Thursday, September 6, 2007

Rant: What Game Mags Should be Doing

In my previous post, I ranted that game magazines have ruined many a game by Revision Creep: introducing new and niftier rules and items that are not fully playtested - quickly warping the original game.

I think there are two reasons for Revision Creep:
1. Laziness or Desperation in keeping the pages filled
2. Irreconcilable debate over Game Source

I. Laziness or Desperation in keeping the pages filled

I understand the tyranny of deadlines. And even in a monthly magazine, there's probably very little time available to fill those many blank pages. So introduce a new character class or new magic item or new weapon and viola! So what if it makes an old play-system obsolete... the article was just a thought experiment, or whatever. Except that in Car Wars, these experiments were often introduced as street legal.

My solution? There are three things that game magazines could and should do that would both fill up space and be invaluable for the player:
  1. Modules and Scenarios
  2. Split-level description of how a game scenario is played out
  3. NPCs (or for Car Wars - car designs)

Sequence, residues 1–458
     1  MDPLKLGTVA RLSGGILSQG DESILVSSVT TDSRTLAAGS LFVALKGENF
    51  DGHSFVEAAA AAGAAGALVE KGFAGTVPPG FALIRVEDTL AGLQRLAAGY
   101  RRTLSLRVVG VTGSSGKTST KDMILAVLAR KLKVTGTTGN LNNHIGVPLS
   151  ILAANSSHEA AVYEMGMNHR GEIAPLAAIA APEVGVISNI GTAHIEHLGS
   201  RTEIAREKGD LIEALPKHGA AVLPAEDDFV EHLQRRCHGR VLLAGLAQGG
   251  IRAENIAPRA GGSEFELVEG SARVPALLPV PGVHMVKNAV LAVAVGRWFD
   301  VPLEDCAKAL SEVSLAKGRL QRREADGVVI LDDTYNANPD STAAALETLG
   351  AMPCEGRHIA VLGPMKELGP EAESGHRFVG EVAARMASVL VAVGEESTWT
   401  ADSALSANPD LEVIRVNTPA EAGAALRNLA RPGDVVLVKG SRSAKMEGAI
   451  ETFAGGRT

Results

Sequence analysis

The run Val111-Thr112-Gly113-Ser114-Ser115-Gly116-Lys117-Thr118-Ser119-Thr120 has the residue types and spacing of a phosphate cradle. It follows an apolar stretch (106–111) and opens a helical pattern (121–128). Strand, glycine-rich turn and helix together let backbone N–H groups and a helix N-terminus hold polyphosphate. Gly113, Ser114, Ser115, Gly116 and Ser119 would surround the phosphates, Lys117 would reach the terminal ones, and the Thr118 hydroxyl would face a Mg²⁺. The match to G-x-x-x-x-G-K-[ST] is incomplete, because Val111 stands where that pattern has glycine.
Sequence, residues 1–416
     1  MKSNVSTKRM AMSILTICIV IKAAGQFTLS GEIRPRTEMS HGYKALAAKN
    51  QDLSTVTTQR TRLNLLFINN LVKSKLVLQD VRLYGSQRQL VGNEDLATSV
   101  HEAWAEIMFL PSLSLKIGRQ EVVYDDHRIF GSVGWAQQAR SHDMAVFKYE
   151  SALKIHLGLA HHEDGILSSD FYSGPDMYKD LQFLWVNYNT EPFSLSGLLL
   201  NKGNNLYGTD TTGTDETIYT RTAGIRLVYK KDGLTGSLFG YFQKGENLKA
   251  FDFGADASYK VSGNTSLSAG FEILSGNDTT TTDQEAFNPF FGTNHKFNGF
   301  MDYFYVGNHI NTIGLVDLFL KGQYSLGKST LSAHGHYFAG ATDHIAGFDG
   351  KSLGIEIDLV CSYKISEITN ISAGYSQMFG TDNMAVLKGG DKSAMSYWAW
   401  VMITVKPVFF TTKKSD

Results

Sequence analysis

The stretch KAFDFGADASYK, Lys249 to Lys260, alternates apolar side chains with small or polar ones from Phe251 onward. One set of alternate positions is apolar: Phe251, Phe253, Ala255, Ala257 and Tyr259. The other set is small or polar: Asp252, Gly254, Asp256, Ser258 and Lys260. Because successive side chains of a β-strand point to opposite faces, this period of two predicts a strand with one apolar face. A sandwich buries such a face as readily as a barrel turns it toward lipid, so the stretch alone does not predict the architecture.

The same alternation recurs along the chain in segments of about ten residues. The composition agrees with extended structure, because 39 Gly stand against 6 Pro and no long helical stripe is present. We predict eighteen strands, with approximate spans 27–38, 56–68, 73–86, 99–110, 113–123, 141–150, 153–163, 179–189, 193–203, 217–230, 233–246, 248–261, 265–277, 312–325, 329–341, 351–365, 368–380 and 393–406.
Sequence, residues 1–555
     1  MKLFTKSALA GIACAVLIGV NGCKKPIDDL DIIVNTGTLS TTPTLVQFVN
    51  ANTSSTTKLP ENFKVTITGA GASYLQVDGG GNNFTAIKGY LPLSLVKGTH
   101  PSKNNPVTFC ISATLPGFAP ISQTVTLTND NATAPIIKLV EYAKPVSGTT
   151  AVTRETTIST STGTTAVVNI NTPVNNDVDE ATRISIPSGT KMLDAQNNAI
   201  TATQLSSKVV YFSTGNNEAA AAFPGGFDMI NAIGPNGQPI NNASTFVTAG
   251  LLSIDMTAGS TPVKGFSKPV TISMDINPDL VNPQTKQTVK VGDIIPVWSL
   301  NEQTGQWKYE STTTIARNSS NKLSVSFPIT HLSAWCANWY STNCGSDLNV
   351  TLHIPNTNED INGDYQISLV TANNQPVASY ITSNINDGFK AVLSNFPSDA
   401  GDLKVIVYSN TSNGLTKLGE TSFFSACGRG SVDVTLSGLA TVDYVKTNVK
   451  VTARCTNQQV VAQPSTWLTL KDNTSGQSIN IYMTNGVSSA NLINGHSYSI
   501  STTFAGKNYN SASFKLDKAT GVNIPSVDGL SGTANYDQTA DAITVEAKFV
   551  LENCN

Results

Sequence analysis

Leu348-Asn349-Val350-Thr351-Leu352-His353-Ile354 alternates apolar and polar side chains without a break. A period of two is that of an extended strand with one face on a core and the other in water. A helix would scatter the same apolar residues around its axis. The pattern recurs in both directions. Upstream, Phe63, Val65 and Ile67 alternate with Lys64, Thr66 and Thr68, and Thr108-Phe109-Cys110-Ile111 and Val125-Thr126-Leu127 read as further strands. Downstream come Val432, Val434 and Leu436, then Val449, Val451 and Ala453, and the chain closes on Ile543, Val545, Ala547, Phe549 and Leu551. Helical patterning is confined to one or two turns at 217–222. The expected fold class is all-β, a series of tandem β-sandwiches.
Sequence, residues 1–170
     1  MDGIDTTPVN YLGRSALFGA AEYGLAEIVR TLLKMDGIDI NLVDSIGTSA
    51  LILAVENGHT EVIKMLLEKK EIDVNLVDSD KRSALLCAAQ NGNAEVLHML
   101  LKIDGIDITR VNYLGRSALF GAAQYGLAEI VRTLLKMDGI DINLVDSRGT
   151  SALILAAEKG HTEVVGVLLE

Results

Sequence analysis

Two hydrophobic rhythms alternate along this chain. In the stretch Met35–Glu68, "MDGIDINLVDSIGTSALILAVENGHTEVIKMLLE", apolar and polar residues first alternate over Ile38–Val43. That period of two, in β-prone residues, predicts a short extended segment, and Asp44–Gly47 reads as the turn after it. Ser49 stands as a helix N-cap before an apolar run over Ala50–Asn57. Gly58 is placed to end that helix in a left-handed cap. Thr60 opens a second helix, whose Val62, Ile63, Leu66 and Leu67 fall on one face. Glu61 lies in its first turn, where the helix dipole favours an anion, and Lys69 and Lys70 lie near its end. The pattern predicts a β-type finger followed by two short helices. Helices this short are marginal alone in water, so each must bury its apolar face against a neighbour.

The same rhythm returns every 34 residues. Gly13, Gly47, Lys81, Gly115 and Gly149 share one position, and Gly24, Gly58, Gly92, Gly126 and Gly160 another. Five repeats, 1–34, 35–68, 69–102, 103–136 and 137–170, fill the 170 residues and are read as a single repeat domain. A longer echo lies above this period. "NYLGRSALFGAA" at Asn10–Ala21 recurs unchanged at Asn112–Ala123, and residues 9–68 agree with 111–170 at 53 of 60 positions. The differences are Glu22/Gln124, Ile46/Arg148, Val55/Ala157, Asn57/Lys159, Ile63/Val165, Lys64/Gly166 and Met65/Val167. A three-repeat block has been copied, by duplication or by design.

Modules & Scenarios

Why do game companies create and sell these? Because newbies need them. So don't be cheapskates, we're buying the game magazines, fill up half or a third of the space for each magazine with scenarios. They require the time and skill and knowledge of the game that the game company employees are supposed to have in a greater amount that we players have. Making a new device takes seconds (e.g. here's a new weapon for car wars: Vehicular Staple Gun, $300, 50 lbs, 1 space, 1 DP, 2 dice damage, to hit 5... that took 10 seconds, including typing time). Scenarios take work and that's what the mags can do best.

Split-level descriptions

I *love* it whenever a game rulebook or magazine does one of these step-by-step background descriptions of how the die-rolls and the character descriptions translate into how you and your friends will play - and how the action would look were it in a movie. An example I can recall is from the d20 D&D Dungeon Masters Guide, p. 130-132.

This is really easy to do. Just play a game and write down what you are doing - die rolls, rules consulted. A few of these in every magazine will both be good reading and will teach people how to play (and/or play better). It's especially good when illustrating difficult rules. And Car Wars has many difficult rules.